The health care systems in the countries most affected by the virus -- Liberia, Sierra Leone and Guinea -- have collapsed. Even before the Ebola outbreak, these countries had very low doctor-to-patient ratios; Liberia had one doctor for every 100,000 people prior to the outbreak.
The aid response in the western Burmese state has been tricky since two bouts of communal violence between Rakhine Buddhists and the minority Rohingya Muslims in June and October 2012 resulted in more than 140,000 people -- mostly Rohingyas -- being forced to flee to camps.
A year ago, James Gatluak, 38, was working with farmers across all nine counties in Unity State to increase food production. Today, he is stuck in a displacement camp in Juba, his state overrun by violence and its people sliding closer to famine.
Humanitarian organizations are grappling with what it means for our work and the people we serve if aircrafts carrying relief supplies are shot down from the sky with disregard for the lives on board and the people they were traveling to help.
We must learn from responses to such epidemics in the past if we are to succeed today. Such lessons will be difficult to craft, requiring expertise in culture as well as medicine, but need to be integral parts of our global response.
The new refugee caseload now joins the Darfur refugees from the east who have lived in Chad for more than 10 years. In looking at the geographic pressures from all sides, Chad prepares to become the Jordan of Africa, the eye of the regional storm.
Jamel Egal was born the year it all fell apart. 1991. Somali President Siad Barre was overthrown and anarchy overtook the east African nation of Somalia. Warlords filled the void of a central government as lawlessness reigned and war became the norm.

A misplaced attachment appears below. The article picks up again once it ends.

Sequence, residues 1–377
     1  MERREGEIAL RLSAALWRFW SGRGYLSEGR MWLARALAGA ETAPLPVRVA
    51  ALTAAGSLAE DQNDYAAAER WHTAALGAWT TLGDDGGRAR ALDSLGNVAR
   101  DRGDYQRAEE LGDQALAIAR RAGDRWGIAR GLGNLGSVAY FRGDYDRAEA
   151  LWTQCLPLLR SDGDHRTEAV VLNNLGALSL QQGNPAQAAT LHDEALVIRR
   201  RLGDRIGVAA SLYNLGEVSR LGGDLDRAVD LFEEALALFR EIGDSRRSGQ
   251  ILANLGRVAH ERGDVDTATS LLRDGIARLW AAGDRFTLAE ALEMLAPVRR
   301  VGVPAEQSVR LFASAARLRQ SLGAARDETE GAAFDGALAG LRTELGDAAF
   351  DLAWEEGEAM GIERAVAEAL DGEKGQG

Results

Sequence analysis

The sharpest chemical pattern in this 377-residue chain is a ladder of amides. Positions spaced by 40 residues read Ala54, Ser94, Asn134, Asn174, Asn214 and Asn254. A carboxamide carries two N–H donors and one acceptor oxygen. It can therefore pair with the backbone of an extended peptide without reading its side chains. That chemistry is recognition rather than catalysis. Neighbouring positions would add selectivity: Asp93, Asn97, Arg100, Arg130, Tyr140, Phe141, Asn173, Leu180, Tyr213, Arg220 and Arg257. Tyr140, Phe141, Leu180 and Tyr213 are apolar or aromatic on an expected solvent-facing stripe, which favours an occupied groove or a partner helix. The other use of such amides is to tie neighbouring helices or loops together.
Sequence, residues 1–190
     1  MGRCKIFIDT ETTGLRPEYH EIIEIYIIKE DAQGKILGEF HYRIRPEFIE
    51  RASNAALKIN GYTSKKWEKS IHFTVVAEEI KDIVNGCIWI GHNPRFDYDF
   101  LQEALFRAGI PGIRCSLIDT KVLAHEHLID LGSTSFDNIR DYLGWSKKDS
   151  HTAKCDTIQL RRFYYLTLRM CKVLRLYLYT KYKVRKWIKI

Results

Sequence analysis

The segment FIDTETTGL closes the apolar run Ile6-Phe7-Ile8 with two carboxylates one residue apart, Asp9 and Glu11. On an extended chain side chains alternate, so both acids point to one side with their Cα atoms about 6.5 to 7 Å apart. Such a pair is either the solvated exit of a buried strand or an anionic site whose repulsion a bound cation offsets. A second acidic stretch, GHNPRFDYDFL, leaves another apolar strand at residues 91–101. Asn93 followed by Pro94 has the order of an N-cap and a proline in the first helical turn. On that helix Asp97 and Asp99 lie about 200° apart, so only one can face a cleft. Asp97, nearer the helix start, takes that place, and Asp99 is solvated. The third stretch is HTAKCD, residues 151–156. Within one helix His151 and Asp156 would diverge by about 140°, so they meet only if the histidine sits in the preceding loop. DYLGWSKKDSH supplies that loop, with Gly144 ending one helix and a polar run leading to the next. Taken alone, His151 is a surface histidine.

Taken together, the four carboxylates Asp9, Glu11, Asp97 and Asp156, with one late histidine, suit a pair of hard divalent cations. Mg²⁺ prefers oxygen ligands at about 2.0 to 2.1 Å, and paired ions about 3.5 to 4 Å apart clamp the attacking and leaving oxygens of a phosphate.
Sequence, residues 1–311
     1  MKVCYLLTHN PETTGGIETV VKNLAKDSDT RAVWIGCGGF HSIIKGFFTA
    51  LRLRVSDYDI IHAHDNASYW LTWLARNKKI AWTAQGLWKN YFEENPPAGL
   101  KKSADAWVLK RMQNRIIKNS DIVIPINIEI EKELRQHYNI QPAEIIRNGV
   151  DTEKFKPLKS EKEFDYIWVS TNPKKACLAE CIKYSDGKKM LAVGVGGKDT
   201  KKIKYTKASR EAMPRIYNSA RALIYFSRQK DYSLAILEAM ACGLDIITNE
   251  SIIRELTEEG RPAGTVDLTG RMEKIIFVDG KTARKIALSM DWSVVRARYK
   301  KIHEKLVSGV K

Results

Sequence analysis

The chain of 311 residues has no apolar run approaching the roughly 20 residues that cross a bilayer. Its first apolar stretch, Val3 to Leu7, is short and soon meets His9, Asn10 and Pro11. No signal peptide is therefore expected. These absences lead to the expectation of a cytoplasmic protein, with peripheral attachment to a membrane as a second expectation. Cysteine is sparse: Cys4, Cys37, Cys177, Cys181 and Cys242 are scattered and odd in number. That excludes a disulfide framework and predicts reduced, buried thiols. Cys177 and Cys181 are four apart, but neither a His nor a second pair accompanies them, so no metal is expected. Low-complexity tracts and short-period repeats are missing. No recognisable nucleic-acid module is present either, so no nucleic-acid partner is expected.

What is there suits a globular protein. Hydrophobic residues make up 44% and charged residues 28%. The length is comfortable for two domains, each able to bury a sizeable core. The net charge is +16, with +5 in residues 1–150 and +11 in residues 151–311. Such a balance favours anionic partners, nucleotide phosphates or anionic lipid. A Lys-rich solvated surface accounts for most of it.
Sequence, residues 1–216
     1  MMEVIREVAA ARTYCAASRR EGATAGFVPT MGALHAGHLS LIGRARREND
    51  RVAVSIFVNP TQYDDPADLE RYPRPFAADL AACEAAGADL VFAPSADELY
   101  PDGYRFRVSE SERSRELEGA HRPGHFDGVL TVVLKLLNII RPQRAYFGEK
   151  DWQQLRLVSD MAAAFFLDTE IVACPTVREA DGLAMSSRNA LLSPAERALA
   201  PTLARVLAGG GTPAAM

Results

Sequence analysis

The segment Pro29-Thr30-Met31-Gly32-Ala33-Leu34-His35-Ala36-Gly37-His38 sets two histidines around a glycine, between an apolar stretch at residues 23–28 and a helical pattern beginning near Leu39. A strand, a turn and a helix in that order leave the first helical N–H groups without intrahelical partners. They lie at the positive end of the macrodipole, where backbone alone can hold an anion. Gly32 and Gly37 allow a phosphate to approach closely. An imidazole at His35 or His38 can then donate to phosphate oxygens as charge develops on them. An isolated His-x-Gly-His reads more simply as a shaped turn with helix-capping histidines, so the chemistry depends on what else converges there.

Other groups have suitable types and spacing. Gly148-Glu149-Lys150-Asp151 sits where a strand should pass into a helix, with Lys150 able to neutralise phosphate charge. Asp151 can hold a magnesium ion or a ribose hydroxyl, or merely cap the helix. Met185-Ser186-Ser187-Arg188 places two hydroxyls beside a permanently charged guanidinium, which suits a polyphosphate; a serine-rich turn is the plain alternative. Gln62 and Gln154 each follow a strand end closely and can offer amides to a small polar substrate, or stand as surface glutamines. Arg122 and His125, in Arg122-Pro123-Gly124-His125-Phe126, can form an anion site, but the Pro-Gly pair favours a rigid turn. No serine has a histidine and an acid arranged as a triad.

In the face of the deadly Ebola outbreak, 2002 World of Children Award Honoree, Luke Hingson, is leading a major mobilization to help supply desperately needed medical equipment and supplies to Liberia and Sierra Leone.
Clutching a teddy bear in one arm and a balloon in another, the little boy with a deep scar under his eye looked up and asked in Arabic, very gently... almost a whisper: "Khala (aunt) Rym. Can I have toothpaste for my sisters and I?"
"It's a pleasure to go and help these people who have problems. We feel good. We feel proud of doing this work. We are really happy and if people need something and you come and you provide it, they are really happy."
Many things make the U.S. a military superpower, and not all of them involve blowing things up. The airdrops of food, water, and other supplies to besieged Yazidi civilians in Iraq highlight a corner of the U.S. military has particular usefulness for humanitarian purposes.
Every 6-year-old in Gaza is now living through the third war in their life. Aside from the risks they face of being injured or killed, one cannot begin to fathom what this means for their long-term mental health and well-being.